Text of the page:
Recorded in Iceland with producer Valgeir Sigurðsson, who also provides string arrangements, the sophomore long-player from the London chamber pop quartet doubles down on the opulent folk-pop pageantry of their debut, offering up ten lush slabs of audio finery that blend the bucolic art-pop of Stornoway with the ceiling-peeling arena rock of the Killers. Led by the sonorous Peter Liddle, whose choirboy voice harbors a surprising amount of power, Alarms in the Heart feels sonically similar to its predecessor, but it possesses a sturdier backbone, despite existing in a near constant state of musical melodrama. This is evident from the outset, as the impossibly lush title track which, like much of the album, sounds a little like Fleet Foxes taking on Love's "Along Again Or," sets the tone and locks it in, serving as an excellent litmus test. The shadow of Brandon Flowers looms large over the rousing "Hidden Hand," the gorgeous "Roman Candle" is tailor-made for a stone circle, West Country slow dance, the nervy "Everlasting Light" houses shades of British Sea Power-inspired post-rock, and the propulsive "Med School" and "Rollerskate" prove that Dry the River aren't actually the most serious band in the world (that trophy belongs to the like-minded Shearwater). By the time the listener reaches "Hope Diamond," the 11-minute closer, which is actually two different songs (one is hidden mid-'90s style), they're suitably exhausted, though not unpleasantly so. Dry the River's best asset is the conviction with which they sell each moment, and the aptly named album, for all of its cacophonous posturing, always feels like it's coming directly from the heart, even as it's set to explode.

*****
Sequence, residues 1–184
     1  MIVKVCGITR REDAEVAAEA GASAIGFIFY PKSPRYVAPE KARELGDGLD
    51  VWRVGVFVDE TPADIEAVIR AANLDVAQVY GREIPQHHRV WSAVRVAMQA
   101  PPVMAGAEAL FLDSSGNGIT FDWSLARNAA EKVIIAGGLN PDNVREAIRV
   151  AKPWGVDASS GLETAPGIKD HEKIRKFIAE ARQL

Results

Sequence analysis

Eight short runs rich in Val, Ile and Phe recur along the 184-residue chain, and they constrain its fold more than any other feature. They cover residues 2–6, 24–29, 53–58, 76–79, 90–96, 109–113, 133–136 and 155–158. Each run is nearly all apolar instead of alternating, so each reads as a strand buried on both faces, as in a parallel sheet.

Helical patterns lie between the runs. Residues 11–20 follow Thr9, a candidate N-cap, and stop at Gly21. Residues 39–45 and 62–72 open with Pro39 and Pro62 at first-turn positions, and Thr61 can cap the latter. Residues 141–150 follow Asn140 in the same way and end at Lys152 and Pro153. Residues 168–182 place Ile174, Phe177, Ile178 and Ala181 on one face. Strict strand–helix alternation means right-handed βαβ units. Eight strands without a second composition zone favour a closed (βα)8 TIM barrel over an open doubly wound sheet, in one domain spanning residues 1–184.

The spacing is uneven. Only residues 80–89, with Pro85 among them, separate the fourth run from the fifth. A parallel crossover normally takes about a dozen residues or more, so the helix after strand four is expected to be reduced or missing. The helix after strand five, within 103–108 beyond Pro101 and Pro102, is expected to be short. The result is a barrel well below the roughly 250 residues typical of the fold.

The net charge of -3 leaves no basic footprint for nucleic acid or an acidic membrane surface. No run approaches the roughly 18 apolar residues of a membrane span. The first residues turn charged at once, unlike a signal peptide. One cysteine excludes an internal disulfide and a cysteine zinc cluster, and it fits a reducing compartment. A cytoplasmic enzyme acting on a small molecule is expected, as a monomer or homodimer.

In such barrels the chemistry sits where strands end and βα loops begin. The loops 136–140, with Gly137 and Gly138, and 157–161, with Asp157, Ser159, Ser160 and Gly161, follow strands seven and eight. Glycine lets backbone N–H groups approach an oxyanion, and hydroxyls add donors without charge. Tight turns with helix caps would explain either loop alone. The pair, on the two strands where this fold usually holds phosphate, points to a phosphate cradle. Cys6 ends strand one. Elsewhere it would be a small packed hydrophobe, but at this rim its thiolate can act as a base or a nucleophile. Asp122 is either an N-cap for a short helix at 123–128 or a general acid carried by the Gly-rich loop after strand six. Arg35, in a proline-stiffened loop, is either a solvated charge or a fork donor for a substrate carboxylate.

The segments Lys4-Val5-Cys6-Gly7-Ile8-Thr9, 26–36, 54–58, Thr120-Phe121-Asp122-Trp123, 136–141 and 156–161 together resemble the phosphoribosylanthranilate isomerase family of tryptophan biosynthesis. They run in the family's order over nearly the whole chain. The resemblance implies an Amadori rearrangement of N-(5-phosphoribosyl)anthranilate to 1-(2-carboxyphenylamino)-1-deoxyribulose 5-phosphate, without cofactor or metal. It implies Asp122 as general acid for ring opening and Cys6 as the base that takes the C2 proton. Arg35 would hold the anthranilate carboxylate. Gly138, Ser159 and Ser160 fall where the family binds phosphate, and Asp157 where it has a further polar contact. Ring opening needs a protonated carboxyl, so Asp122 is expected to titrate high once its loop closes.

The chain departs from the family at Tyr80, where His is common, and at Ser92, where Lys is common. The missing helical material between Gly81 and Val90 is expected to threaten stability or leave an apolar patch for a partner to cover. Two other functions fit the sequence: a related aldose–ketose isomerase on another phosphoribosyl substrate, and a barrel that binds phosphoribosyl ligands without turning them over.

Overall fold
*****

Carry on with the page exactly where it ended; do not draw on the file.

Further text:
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AllMusic Review by James Christopher Monger
feat: William Harvey